Andrew Layman - Investing In Human Capital
Andrew Layman - Investing In Human Capital

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Andrew Layman - Investing In Human Capital


Following Government’s commitment to eighteen so-called Strategic Infrastructure Projects (SIPs) in 2012, some surveys were done to assess whether the country had adequate skills for these projects to be completed. It transpired that we do not, although this has not been the only setback. From our perspective in KZN, the new port is not to be built yet, and there are few signs that the Durban-Free State-Gauteng logistics and industrial corridor is likely to materialize any time soon. All those N3 motorists yearning for a dedicated road freight route remain as frustrated as ever.

But it is the skills shortage which is a cause for greater concern. The CSIR identified over 30 occupations in which shortages were critical. While these included those defined as “professional”, others near the top of the list were technician, grader operator and welder. Also in the top ten were concreter, bricklayer and electrician. The Construction SETA also analysed skills shortages in its Sector Skills Plan Update (2013/14). For the implementation of the SIPs alone, this quantified the shortages, not all of which were construction-
related. For example, the shortage in the spheres of clerical support, services and sales, was estimated at 725 000, while there were 386 000 too few people to fill professional occupations, and even 284 500 too few people to fill “elementary” occupations.

The Construction SETA (CETA) itself reported a significant decline in its expenditure on learnerships from 2010 â€" 2012. Whereas it funded a total of 101 737 in 2010, only 20 534 were supported in 2012. This represents a decline of 80%, which cannot be explained, surely, by a slow-down in construction. In the following occupations, the decline exceeded 80%: builders’ worker, scaffolder (93% decline), earthmoving worker, cement and concrete plant worker, paving and surfacing worker and handyperson. These are all at the “elementary” level.   The CETA website is devoid of any financial reporting, but surely the revenue which accrued to the SETA did not decline by 80% from 2010 â€" 2012. It appears clear that the CETA has not executed its mandate successfully. At the same time, the TVET colleges have been notoriously unsuccessful in achieving a healthy through-put of qualified and suitably skilled young people, despite the adoption of the National Artisan Team formed in 2008. In the period between April 2009 and March 2014, 24 750 learners entered artisan programmes, but only 46% of these (13 845) completed them successfully. In monetary terms, R4.5 billion may be considered to have been wasted.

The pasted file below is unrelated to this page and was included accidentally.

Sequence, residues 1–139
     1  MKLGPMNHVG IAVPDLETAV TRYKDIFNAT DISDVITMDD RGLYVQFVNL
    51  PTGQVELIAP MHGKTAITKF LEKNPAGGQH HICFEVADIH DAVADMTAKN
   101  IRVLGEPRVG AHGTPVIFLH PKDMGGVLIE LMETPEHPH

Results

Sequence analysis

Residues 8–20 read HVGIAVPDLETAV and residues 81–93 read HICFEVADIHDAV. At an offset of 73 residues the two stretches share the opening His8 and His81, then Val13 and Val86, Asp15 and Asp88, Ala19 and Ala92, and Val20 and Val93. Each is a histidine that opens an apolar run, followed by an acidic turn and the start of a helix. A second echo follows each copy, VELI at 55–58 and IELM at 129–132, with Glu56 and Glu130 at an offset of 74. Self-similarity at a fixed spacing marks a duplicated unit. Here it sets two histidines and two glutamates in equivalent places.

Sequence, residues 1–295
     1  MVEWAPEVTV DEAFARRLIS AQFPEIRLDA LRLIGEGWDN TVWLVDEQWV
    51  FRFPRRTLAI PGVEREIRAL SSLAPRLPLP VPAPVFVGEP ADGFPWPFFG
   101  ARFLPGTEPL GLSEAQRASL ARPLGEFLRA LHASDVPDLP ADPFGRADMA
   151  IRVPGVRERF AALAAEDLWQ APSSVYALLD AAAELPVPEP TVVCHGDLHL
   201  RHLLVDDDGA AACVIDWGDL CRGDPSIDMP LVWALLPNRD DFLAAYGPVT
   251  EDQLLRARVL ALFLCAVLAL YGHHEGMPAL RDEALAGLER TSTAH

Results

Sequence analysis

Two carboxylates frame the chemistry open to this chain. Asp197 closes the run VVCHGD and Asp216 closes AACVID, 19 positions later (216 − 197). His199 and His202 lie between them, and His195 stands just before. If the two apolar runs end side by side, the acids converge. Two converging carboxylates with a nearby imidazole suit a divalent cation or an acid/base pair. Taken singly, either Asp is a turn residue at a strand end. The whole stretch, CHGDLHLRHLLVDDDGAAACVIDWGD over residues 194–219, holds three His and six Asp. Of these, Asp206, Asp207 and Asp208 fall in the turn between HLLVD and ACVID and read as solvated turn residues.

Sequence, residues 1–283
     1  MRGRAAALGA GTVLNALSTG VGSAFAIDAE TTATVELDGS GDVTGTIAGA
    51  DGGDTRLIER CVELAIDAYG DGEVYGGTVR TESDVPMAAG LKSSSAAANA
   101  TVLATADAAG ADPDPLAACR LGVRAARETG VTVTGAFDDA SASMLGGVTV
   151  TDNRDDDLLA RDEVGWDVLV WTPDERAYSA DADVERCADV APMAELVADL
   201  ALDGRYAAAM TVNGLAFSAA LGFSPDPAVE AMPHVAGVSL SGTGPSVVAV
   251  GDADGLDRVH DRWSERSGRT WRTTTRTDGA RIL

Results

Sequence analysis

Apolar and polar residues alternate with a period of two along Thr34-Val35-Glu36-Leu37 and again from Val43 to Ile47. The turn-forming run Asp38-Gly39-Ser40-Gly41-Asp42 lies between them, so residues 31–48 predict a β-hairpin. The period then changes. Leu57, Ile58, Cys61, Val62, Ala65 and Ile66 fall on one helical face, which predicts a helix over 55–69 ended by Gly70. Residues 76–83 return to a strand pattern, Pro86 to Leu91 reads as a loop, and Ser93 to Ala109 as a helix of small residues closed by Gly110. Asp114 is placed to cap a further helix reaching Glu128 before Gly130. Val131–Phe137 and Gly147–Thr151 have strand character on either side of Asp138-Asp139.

This sad state of affairs is attributable to several government plans that have gone awry since 1994, but the private sector, which has painted itself as a victim of the system, must share some blame.   Prior to 1994 several training boards, private sector bodies in the main, had good support from large companies that were active in employing apprentices and training them to a high standard.   When these bodies were replaced by the SETAs and the skills levy was introduced, the private sector gave in and began to rely on the public sector to produce a steady supply stream. One of the reasons that the mandatory grant â€" money which companies could reclaim to fund their training â€" was reduced first to 50% and subsequently to 20%, was that companies were not claiming what the system permitted. This apathy, which has extended to a general lack of representation on the part of business on SETA boards, has encouraged a proliferation of inefficiency and corruption which has led to the sorry state of most SETAs. They are due to be absorbed into the Department, apparently, which is unlikely to enhance their contributions towards the development of skills.

It is high time that Business accepted a great deal more responsibility for developing the skills that are required. It is about investing in human capital, about identifying hidden abilities among employees, and about consciously providing opportunities for improvement and advancement.   There is no value in waiting for the state to deliver young people who, even if they don’t have the required skills, at least have the

adaptability and willingness to learn. So, why not seek them through taking in interns and learners, offer bursaries, establish constructive relationships with education institutions; even sponsor them, perhaps, thereby creating a pool from which the employees with better prospects may be chosen?

Andrew Layman - Investing In Human Capital

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